By Nicholas Bonsack, MacworldJUN 15, 2010 11:30 pm PDT
Postbox is a solid, $40 e-mail client that offers a wide range of search and organization options on top of a Mozilla-Thunderbird-derived foundation. The app offers a 30-day trial to take it out for a spin, but it’d be nice to have something that gave a feel for it without the pressure of a time-limited trial breathing down your wallet. That’s what its new, blue cousin is for.
Postbox Express is a lightweight, free application with all the basics of Postbox. It has the very same conversation view to get a better look at an e-mail chain without the baggage of redundant timestamps and indentation. Granular search options allow you to search before and after specific times and dates. Postbox Express also searches each link in every email you receive for phishing scams, checking against a directory of suspicious sites that it updates every thirty minutes. The app also boasts the tight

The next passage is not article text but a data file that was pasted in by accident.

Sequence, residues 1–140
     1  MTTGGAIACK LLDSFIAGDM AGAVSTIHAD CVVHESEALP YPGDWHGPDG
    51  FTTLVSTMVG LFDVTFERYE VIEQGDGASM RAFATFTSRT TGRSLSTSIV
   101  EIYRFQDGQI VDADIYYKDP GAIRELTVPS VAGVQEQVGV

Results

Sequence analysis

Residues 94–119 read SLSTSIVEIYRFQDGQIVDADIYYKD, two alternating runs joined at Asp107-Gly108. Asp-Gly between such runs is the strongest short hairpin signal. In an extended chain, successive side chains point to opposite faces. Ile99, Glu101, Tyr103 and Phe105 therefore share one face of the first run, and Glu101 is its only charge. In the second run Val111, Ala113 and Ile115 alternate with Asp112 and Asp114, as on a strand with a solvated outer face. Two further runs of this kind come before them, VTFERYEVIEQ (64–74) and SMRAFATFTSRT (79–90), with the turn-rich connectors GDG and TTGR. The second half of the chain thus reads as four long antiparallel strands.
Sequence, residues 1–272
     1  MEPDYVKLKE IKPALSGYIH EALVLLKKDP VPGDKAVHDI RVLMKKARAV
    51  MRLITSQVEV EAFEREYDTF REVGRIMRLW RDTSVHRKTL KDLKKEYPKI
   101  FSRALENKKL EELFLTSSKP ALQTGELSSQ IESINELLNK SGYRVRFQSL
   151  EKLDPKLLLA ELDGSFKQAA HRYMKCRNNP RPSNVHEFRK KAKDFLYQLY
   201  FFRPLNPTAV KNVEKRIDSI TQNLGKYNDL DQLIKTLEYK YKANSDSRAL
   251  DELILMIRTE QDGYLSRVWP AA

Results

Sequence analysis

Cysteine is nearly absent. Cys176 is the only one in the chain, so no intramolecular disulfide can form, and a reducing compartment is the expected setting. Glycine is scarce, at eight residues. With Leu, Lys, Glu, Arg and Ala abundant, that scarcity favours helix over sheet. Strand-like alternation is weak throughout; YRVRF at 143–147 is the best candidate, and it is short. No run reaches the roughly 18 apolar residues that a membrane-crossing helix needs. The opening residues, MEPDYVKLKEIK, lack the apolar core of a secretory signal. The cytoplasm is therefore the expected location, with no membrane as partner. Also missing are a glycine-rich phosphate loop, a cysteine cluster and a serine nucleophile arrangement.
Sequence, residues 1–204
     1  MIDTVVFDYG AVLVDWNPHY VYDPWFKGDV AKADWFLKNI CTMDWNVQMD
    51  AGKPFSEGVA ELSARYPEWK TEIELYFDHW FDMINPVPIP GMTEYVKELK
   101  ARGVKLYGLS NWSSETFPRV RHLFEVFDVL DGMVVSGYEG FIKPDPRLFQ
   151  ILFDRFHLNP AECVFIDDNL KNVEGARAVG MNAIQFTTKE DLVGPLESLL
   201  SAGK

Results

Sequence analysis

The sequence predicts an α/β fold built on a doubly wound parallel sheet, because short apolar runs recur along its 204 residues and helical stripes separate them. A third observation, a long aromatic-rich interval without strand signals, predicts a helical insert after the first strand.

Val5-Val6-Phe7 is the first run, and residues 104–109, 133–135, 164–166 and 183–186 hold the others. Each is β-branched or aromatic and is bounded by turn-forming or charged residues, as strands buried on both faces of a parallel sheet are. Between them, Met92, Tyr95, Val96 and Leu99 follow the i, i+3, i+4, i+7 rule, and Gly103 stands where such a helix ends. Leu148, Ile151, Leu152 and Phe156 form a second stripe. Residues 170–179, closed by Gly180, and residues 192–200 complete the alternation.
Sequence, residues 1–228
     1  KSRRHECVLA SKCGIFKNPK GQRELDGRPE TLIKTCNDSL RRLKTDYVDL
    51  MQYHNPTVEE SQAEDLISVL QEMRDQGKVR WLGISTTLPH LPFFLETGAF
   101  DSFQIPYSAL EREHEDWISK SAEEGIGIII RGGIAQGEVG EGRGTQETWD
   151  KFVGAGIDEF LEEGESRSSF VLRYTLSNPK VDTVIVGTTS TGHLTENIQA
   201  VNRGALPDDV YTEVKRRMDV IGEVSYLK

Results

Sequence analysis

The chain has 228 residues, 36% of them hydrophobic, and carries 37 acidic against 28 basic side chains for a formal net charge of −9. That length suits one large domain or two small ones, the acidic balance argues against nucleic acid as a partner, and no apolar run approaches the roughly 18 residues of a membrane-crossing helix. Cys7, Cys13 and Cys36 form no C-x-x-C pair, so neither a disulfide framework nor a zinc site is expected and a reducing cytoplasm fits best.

Mac OS X integration and tabbed e-mail features that put Postbox on the map.
Alas, all this comes at the expense of Postbox’s more heavy-duty features. Chief among them, an entire pane that granted the ability to search from a database of all downloads, images, URLs, and contacts; the ability to create and manage to-dos; most of Postbox’s preview modes; and the entire directory of foreign language packs and add-ons. That last one in particular gives
Thunderbird 3 a clear advantage in extensibility over Postbox Express.
Fortunately, Postbox Express is free. The only additional cost to you is some minor pestering on the start page to inform you of a few things that the full version has to offer. No Growl popup abuse, no commitments, and no annoying flashing anything.
Postbox Express requires Mac OS X 10.4 or later, and requires at least a G4 or Intel processor and 1 GB of RAM.